by Jimmy Williams and Susan Heeger 
Garden Rant is a unlikely partnership that has made my life infinitely more fun. Here is another great gardening-based partnership: writer Susan Heeger, a contributing editor for
Coastal Living and Martha Stewart Living, and city farmer Jimmy Williams.  Their book From Seed to Skillet has just been published by Chronicle…Michele

When I met Los Angeles urban farmer Jimmy Williams, I was a bit surprised by his experimental zeal. Having come to his garden to interview him for the LA Times magazine, I crouched with him on his garage roof, hemmed in by potted seed starts, and peered queasily down on a crazy quilt of beds and salvaged bricks, nothing matching, no logic. Instead of the farm-style order I expected from one who grew seedlings for a living, I spotted mandolin-sized squash dangling from vines on the back of a shed; another wall was swallowed by tomatoes. There was no real plan that I could see, just an endless testing of hypotheses that produced the sweetest peas I’ve ever tasted.

He had a story, too—and what a story. Raised in a family of 12 kids in eastern Long Island, NY, he’d been taught to garden—they all had—by his stern-sweet paternal grandma, a descendant of Caribbean slaves, a foot-stomping Baptist. Besides instructing them on making compost, starting seedlings, planting beds and fighting pests, Grandma Eloise (or ‘Weezy,’ as they called her behind her back) schooled the Williamses in self-reliance, self-respect and family pride. Their great-great grandmother had carried the seeds of a great tomato, dubbed ‘Goosecreek,’ to South Carolina on a slave ship in her apron pocket. The family still grew that tomato, still saved and replanted its seeds and the children all learned how to cook it, thanks to Eloise and Jimmy’s mother Gertrude–who was part Shinnecock Indian–into traditional South Carolina Gullah and Native American dishes.

Of all the young Williamses, Jimmy particularly took to gardening, and kept at it after he grew up and started working as a New York clothing designer. Eventually, after he moved to California to get married, bringing some of Weezy’s seeds with him, it literally overran his life, and the tiny lot around his first Los Angeles house. He grew the seeds into seedlings, planted them out, saved more seed, began selling plants and in 1997, leaving fashion behind, he officially launched HayGround Organic Gardening.

When I met him, he was selling mail-order seedlings and starting to design gardens. His enthusiasms were wide-ranging and infectious. As I toured his pint-size farm, we had to stop every few feet for a story: Here was a giant Belgian tomato—“so sweet,” he told me, “that Europeans make wine from it;’ and there was a collard-green tree–“My family grew these, but you can find lots in black neighborhoods around the country.” He pointed out spicy leaves used in Latin cuisine for wrapping fish, and hot peppers that could ease the pain of arthritis.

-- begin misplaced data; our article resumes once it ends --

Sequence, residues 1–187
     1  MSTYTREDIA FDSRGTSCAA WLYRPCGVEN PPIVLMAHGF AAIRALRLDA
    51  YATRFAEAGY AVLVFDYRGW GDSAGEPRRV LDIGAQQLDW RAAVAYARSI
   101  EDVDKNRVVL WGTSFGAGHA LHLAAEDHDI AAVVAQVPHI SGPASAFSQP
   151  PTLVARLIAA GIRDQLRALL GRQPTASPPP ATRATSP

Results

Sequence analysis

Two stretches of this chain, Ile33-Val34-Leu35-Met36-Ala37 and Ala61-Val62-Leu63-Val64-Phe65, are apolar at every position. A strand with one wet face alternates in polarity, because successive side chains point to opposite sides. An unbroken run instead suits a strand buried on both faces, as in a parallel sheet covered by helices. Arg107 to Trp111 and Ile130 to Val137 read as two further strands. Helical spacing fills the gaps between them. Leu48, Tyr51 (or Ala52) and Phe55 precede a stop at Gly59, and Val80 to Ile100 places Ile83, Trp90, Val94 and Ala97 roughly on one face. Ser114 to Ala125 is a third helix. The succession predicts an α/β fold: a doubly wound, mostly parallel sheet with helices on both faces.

I asked about his methods, and he showed me how he was trying a dense planting of tomatoes, training them up a wall with electrical cord. He demonstrated a simple compost tea (“Half-fill a bucket with finished compost, top it up with water, set it in sun till it begins to smell, strain it, dilute it with five parts water and spray it on plant leaves—for stronger plants, fewer pests, sweeter fruit”). Then, there were things he wouldn’t reveal: his secret soil amendments; his ways of speeding germination.

He sent me home with seedlings and a family recipe for sweet-pepper dip. As I left, I said, “You should really write a book.”

He smiled. “I’ve been thinking that for ages.”

In the years since, we’ve had hundreds of conversations. As I’ve written more articles on him, I’ve learned how much the flat-out mystery of nature gets him going–the revelations that come with trying this and that amid the vagaries of a garden. Just watching him operate boosts my faith in experiments, of pursuing passions and enthusiasms.

In our own vegetable garden–which my husband Rob and I started several years ago, partly inspired by our friend Jimmy—we’ve grown foods we never ate much before we grew them: Russian kale, fava beans, white eggplant. We’ve learned a lot about cultivation from him, tried his plants, given him some of ours. And with him, we’ve watched interest in home-growing build gratifyingly across the country.

One day, after I’d seen a high-profile article another writer had done on Jimmy, I got a call from him. Remember that little book talk we’d had so long ago? Was I interested in pursuing? Because agents had started calling.

Well, I asked, was he ready to spill his secrets?

He was. We did. Captured much of our decade-long conversation in a book that takes off from Jimmy’s life, his grandmother’s teachings, his belief in the powerful thrill of self-sufficiency that comes from growing food. There too is the sense that gardening builds community and affection among people from different places, with different traditions, who find it comfortable to sit down at the table with other gardeners, other cooks, others who cherish a satisfaction Jimmy calls “fundamental to our nature.

“Growing food is natural,” he concludes. “Our ancestors did it. It’s not difficult or complicated. It all starts with a seed. And without seeds, after all, we wouldn’t be here.”